Girl in supermarket

They had met at the meat department in the supermarket on the square near his house. Well - met… She had been lingering in front of the handcut Serrano, dry-aged for 23 months in Trevélez, Spain, at 1.750m altitude. Finally she chose the San Daniele. She wore long black velvet boots. Their eyes had crossed.
     He paid, took the escalator to the exit. When he looked over his shoulder she was still cueing at another cash point. In town a chilly breeze cut over canals, through streets. Over the bridges people hurried.
     Footsteps behind, then next to him.
     They walked in silence. “Do you need some help carrying that bag?” he asked, as he saw she carried two, of which one seemed very heavy. Never before he had spoken to her. They stood still for a moment. She smiled. He carried her bag.

Coming home, he opened the door. She went in. In the lights her hair seemed strikingly shiny. He didn’t remember ever having seen such shiny hair.
     “I’ve never followed a stranger home,” she said.
     “I’ve never invited a stranger in my house,” he said. This was true. He was what you call a lonely person. He was happy. Now he was nervous.
     “You have very shiny hair,” he said. Which really sucked, but it was the only thing he could think of. Time was lacking. The elevator doors opened.

They made love all night long. Passionate, tender, merciless. The third time she came his mobile went off. He threw it out of the window, in the river. Ducks were squeaking. Then he came too, like a beast.

In the morning they had breakfast. He made eggs. They ate all of her San Daniele.
     “It was fantastic,” she said. He nodded, tearing apart a slice of San Daniele.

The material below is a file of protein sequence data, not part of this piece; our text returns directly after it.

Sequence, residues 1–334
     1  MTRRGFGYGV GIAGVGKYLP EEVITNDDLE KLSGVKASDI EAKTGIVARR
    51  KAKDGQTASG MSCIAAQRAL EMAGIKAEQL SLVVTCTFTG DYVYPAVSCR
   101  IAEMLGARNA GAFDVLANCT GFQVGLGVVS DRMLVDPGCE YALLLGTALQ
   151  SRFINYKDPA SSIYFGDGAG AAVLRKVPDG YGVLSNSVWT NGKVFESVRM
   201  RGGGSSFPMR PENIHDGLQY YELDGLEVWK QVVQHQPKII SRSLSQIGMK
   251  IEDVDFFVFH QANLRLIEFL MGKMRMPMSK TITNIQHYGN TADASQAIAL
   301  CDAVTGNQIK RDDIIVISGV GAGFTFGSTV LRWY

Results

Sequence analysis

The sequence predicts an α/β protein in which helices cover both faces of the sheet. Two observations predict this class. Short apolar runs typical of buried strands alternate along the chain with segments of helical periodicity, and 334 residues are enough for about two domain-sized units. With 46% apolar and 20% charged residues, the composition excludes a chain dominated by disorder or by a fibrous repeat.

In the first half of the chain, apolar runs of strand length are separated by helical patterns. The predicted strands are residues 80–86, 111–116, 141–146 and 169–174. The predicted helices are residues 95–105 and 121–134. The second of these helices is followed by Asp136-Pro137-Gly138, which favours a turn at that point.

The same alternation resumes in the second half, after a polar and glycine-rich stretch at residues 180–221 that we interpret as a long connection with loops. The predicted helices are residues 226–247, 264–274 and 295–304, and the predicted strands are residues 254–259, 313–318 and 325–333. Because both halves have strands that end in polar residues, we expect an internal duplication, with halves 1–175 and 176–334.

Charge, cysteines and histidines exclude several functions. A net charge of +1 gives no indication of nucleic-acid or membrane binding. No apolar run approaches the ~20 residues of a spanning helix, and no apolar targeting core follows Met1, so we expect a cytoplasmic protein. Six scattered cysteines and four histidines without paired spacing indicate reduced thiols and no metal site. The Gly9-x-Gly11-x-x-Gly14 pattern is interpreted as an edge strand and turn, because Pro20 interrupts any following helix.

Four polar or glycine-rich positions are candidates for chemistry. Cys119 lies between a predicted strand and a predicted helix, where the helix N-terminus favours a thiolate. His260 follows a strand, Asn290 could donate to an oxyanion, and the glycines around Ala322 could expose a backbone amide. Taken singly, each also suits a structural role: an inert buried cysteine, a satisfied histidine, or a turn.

“We can’t be lovers though.” She took a sip of her coffee. “God, this is good coffee,” she sighed.
     “I understand,” he said. They looked at the coffee and then at each other for quite some time. They sat there, looking in silence.
     “You will never see me again,” she said, breaking a bar of chocolate, putting the piece in her mouth. It had the shape of a little frog.
     “I know,” he said. Egg yolk was running off his chin. He could clearly feel it.
     “I hope you don’t mind,” she said. Her teeth coloured deep brown. It gave her a very girlish expression.
     He looked at her, frowning.
     “You might have wanted some explanation,” she said, in a sulky way, as if slightly disappointed.
     “Some explanation?” He started coughing, a piece of egg-shell being stuck in his throat. Against his uvula, to be precise. It lasted for one, maybe two minutes before he could resume breathing normally again. “Some explanation?”
     “Yes… It wouldn’t have been surprising if you would have minded, wouldn’t it? After all we…”
     “Why would I mind?” he asked, interrupting her, still coarse, putting a hand on hers. “Darling, you’ve given me the most wonderful night I’ve ever experienced and most likely will experience. You’ve shown me what passion can be about, and that it can turn into love. Yes, pure, unbounded, eternal love: that’s what i’ve experienced last night. All because of you. How would I possibly be able to feel anything but gratitude?”
     Again they sat in silence, looking at each other. Her eyes too were shiny.

She stood up, kissed the yolk off his chin, and left.

(Colour drawing 'Sensualità' (Omaggio a Franz von Stuck), by Fabiano Gagliano - 2016.)

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